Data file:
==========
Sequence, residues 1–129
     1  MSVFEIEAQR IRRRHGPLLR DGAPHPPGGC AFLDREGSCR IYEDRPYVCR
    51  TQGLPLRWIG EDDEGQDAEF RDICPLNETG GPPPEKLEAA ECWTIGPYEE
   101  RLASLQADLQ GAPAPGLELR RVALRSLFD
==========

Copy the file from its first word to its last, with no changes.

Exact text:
Sequence, residues 1–129
     1  MSVFEIEAQR IRRRHGPLLR DGAPHPPGGC AFLDREGSCR IYEDRPYVCR
    51  TQGLPLRWIG EDDEGQDAEF RDICPLNETG GPPPEKLEAA ECWTIGPYEE
   101  RLASLQADLQ GAPAPGLELR RVALRSLFD